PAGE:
Implementations of the invention may include one or more of the following features. A directive may be received for causing the memory buffer to be allocated with a specified size, and the memory buffer may be allocated with an increased size (e.g., larger than the specified size by at least an amount equal to twice the unique identifier's size).
This method not only helps prevent unintended dissemination of the old data that resided in the memory buffer just after allocation, but also helps prevent the new data in the memory buffer from being provided to a user that lacks authorization for access to the new data.
Other advantages and features will become apparent from the following description and from the claims.
FIGS. 1, 4 are block diagrams of a computer system.
FIGS. 2A-2B are flow diagrams for a procedure executed by the computer system.
FIGS. 3, 5 are block diagrams helpful for understanding the procedure of FIGS. 2A-2B.
FIG. 1 illustrates a computer system 10 in which a client computer 12 is connected by a Web server network 14 (such as a network based on Internet and World-Wide Web protocols) to a Web server computer 16 that is coupled to multiple back-end server computers 18-24 by a back-end network 26. The client computer runs browser software 28 (such as Netscape® Navigator™ version 2.0 or 3.0 or Microsoft® Internet Explorer version 3.01) to gain access (via server system software 30 and gatekeeper software 31 running on the Web server computer) to information from one or more application software instances 32-38 running on one or more of the back-end server computers.
The information is organized into pages that are logically arranged in accordance with a hierarchical directory structure that allows the browser software to identify each of the pages by a Uniform Resource Locator string ("URL") such as "http://www.xyz.com/accounts/ab/page1.html."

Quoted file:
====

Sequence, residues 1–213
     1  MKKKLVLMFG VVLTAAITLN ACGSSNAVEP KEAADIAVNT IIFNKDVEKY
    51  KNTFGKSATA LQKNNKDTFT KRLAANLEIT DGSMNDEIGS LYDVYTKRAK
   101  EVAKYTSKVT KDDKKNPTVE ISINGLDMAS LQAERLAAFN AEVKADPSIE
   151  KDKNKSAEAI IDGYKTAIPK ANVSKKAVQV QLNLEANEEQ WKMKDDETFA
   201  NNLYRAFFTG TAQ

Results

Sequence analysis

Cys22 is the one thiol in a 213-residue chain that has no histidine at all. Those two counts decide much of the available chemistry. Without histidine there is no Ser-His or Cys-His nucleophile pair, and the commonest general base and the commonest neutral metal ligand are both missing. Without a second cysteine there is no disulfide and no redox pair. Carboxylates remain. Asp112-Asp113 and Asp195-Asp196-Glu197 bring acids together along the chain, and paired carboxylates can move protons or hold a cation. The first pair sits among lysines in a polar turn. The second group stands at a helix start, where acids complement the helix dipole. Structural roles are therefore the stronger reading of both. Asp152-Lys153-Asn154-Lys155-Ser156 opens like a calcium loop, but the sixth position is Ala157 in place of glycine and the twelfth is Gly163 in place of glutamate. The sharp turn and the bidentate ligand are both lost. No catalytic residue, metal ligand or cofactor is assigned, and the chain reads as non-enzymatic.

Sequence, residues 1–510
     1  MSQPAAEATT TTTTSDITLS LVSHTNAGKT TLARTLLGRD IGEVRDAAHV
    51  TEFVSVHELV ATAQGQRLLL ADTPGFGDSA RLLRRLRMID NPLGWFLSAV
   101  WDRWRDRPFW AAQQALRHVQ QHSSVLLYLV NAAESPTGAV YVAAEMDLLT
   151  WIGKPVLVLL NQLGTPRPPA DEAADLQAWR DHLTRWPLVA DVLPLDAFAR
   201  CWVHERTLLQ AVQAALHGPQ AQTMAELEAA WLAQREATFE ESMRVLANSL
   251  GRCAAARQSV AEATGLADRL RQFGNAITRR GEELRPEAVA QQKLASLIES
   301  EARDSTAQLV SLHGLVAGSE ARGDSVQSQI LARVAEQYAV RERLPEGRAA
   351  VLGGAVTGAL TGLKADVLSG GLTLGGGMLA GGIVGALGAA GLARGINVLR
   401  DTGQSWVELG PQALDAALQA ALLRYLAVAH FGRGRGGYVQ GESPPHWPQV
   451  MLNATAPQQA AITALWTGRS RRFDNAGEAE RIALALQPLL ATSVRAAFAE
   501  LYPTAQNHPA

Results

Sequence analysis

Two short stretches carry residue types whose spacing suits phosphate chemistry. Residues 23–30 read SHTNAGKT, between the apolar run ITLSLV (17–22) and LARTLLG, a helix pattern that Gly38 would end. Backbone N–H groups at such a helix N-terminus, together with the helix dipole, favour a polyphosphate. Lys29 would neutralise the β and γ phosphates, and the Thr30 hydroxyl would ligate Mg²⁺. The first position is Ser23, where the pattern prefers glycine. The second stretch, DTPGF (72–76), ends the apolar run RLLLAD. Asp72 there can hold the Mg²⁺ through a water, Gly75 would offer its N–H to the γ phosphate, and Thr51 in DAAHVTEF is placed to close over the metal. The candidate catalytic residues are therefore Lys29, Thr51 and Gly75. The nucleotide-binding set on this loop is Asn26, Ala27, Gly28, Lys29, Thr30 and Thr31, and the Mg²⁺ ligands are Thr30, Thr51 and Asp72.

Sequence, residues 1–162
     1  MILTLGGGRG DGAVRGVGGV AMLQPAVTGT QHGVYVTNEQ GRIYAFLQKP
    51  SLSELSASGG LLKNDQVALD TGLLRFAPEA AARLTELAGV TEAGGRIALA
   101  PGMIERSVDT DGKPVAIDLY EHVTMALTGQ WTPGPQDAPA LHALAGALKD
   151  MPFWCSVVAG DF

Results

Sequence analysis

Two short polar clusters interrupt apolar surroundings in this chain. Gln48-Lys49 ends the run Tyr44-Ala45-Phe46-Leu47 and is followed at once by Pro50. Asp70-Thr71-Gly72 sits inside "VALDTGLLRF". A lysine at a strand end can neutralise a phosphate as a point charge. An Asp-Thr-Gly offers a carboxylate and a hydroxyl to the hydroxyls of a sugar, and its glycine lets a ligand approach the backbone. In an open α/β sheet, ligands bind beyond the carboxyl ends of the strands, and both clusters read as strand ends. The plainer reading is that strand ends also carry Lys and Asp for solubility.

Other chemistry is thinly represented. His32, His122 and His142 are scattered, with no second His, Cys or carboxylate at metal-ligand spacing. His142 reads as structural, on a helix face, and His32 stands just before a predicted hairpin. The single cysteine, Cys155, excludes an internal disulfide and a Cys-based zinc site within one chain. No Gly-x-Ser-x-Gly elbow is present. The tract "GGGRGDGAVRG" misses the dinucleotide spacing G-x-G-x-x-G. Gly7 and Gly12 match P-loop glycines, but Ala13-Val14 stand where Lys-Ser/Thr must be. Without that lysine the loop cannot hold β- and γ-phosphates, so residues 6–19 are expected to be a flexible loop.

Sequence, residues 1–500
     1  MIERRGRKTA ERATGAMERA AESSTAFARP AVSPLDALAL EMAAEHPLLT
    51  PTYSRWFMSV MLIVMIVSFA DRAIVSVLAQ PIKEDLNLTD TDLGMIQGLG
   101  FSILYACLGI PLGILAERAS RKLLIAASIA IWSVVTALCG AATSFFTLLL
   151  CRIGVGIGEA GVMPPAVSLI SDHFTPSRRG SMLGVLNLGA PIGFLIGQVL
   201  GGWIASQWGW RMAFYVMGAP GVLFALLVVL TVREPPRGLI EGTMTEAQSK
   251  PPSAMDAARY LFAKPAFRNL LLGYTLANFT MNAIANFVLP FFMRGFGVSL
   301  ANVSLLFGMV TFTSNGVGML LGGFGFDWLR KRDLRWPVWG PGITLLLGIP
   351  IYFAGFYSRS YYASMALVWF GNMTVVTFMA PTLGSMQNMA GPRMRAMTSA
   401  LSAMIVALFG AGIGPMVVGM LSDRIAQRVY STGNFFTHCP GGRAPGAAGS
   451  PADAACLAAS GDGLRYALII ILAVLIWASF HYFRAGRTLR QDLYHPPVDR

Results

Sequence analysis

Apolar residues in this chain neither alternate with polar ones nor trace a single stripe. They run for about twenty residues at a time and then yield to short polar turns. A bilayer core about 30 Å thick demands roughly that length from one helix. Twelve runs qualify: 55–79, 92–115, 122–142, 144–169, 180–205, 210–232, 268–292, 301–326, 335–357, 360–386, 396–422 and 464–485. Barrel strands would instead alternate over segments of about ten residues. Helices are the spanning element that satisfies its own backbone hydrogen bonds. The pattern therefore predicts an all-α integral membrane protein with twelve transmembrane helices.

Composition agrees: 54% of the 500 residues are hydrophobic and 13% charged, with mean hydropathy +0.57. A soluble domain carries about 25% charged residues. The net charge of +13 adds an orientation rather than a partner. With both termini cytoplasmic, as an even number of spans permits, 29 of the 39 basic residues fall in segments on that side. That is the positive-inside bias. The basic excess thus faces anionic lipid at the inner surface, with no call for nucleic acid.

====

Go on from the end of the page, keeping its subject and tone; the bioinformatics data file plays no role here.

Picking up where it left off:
In such a URL, "www.xyz.com" refers to all of the aforementioned application software instances generally, "/accounts" refers to a group (known as a "realm") of these instances, and "/ab" refers to a specific type of the instances in the "/accounts" realm, as described below.
At the client computer, a user specifies the pages of information (e.g., for viewing) by directing the browser software to send URL-based requests to the server system software. The gatekeeper software is provided to prevent the user from gaining access to any of the pages other than those of the pages for which the user has authorization. According to the invention, access is prevented by using a special-purpose information string known as a "smart cookie" that is passed between the browser software and the server system software. (The specification for a generic cookie--session state object--is described in "Persistent Client State HTTP Cookies" and other electronic documents available on the World-Wide Web at <http://cgi.netscape.com/newsref/std/cookie13 spec.html>, and incorporated by reference.) The smart cookie is created by the gatekeeper software at the beginning of an information-accessing session initiated by the user, and is provided to the browser software for storage in a cookie memory 39 of the client computer. Thereafter during the session, the smart cookie accompanies URL-based requests from the browser software to the server system software, and allows the gatekeeper software to prevent unauthorized access.